Metro Transit Officer Charged with Attempting to Help ISIS
Prosecutors made history this week when they brought the first-ever federal terrorism charges against a 36-year-old law enforcement officer in the U.S.
Thirteen-year veteran Metro Transit Police officer, Nicolas Young of Fairfax, VA, allegedly bought $245 in gift cards for someone he thought was working with ISIS.
Young was arrested Wednesday at Metro Transit Police headquarters in Washington, DC, and charged with attempting to provide material support to a terrorist group, according to the FBI affidavit.
Last month, Young bought the gift cards to help members of the Islamic State communicate with potential recruits, but in actuality, Young gave the gift card codes to an undercover FBI agent.
Young believed the FBI agent was a militant who had supposedly joined the Islamic State group after leaving the U.S. in late 2014. During an interview with the FBI, allegedly about the militant, Young told investigators that his friend had gone on vacation to Turkey, and he never heard from him again. Yet, court documents say that Young continued to communicate with the agent he believed was a militant through email and a mobile messaging app.
Young sent the codes at the prodding of the FBI agent posing as a militant, who suggested that ISIS could use the gift card codes.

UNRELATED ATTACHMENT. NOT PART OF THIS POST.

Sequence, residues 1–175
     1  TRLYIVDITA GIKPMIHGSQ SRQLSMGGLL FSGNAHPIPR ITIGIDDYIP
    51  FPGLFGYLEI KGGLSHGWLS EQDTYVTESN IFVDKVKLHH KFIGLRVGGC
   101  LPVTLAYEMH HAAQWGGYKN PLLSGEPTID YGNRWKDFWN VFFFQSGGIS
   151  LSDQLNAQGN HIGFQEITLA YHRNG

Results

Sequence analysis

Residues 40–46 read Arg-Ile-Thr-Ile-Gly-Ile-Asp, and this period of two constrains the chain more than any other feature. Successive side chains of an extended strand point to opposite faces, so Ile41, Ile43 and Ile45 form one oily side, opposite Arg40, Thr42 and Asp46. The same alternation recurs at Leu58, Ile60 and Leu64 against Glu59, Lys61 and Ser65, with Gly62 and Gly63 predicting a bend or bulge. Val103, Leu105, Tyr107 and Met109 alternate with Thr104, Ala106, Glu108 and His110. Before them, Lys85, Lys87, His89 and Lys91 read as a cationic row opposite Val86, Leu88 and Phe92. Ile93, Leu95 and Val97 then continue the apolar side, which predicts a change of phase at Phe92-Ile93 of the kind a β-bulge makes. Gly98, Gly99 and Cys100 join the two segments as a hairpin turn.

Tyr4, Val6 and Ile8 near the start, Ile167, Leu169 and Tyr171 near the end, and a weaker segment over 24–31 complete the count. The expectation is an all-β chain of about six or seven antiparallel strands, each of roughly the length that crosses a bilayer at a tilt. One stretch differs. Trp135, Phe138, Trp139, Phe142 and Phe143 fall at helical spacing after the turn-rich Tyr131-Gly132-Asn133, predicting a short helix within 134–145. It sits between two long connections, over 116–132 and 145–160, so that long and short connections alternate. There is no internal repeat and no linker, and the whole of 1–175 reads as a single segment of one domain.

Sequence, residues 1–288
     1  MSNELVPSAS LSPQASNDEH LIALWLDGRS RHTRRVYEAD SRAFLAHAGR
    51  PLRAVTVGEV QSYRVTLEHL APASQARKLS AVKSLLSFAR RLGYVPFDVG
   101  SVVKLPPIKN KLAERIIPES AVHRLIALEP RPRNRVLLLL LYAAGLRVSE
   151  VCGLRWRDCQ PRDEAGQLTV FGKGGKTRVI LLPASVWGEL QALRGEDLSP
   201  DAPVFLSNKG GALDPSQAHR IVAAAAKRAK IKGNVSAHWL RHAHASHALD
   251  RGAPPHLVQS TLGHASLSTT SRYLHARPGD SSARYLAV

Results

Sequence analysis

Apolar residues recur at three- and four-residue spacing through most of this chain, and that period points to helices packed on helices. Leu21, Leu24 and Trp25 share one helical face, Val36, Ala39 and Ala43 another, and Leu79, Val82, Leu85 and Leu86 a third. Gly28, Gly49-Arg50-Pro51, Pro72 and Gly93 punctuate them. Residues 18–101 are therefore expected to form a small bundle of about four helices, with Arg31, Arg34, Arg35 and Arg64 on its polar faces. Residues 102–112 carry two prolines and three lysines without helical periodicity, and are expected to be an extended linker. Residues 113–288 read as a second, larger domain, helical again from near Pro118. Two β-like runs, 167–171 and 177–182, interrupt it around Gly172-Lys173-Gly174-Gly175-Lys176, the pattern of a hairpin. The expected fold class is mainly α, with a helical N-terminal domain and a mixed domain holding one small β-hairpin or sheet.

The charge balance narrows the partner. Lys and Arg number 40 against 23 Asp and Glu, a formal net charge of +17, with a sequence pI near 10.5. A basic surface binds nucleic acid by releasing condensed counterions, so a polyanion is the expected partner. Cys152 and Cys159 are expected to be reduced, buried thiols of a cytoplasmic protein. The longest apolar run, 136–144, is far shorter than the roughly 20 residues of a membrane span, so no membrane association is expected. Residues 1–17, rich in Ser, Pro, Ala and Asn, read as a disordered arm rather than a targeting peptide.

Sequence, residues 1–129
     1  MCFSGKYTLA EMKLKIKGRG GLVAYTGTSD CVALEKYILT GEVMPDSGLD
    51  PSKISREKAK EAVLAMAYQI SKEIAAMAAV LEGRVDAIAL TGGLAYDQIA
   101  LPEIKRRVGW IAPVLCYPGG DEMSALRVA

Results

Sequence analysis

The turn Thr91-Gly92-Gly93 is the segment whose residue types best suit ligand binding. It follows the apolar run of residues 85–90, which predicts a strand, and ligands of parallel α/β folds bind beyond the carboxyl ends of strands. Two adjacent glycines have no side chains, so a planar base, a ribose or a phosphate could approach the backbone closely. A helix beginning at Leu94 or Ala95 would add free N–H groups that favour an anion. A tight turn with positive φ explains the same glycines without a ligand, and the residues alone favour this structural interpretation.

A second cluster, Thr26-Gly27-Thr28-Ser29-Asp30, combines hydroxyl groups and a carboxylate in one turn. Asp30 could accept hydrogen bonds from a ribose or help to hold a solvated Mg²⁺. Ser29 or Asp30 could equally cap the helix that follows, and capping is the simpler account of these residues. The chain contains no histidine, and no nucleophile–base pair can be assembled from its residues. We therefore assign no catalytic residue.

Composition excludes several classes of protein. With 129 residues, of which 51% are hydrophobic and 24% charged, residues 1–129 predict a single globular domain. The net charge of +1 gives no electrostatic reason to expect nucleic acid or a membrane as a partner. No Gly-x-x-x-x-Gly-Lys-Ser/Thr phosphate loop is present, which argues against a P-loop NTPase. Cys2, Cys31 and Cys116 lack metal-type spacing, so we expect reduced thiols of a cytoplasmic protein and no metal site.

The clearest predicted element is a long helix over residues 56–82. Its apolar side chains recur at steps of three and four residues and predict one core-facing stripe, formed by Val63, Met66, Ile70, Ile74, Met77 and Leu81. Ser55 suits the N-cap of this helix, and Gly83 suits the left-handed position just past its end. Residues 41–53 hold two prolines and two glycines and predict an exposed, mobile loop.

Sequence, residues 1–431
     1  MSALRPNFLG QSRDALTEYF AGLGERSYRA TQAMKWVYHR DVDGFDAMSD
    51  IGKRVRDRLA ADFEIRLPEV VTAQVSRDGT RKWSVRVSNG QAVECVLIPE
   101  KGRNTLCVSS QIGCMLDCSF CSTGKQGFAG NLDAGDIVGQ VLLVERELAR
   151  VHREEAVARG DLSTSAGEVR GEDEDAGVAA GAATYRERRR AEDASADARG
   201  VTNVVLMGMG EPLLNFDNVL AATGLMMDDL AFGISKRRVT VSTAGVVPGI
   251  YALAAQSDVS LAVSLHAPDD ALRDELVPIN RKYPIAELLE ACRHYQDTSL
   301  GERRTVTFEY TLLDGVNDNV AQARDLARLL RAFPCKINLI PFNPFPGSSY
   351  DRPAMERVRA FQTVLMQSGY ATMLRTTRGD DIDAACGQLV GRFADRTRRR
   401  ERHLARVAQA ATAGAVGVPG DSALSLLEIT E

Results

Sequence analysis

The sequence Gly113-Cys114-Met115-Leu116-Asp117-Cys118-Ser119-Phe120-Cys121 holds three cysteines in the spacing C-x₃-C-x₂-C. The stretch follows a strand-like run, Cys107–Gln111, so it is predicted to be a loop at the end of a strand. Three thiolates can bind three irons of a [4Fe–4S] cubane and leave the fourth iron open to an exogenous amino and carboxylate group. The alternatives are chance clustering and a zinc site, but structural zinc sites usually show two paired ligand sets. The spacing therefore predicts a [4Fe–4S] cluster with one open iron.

According to court records, Young also provided advice on how to join ISIS to the militant, whom Young believed was a military reservist of Middle Eastern descent. Young instructed the man about what gear to take with him, how to avoid the suspicion of authorities and cautioned that it could take several weeks to cross the border between Turkey and Syria.
He also counseled that the man didn’t have to join the Islamic State group.
Young briefly appeared in U.S. District Court in Alexandria Wednesday afternoon dressed in a white T-shirt and his police uniform pants. During that time, he requested a court-appointed attorney and the judge ordered him held until the status hearing Thursday. If convicted, Young could face up to 20 years in prison.
FBI spokesman Andrew Ames confirmed that Young is the first law enforcement officer to be charged under the federal government’s terrorism law, The Associated Press reported.
Joshua Stueve, spokesman for the U.S. attorney for the Eastern District of Virginia, told The Associated press that Young posed no threat to the Metro system, and nowhere in the affidavit does it mention Metro or Metrobus system.
Young was terminated upon his arrest, Metro spokesman Dan Stessel told WTOP.
Posted in The Takedown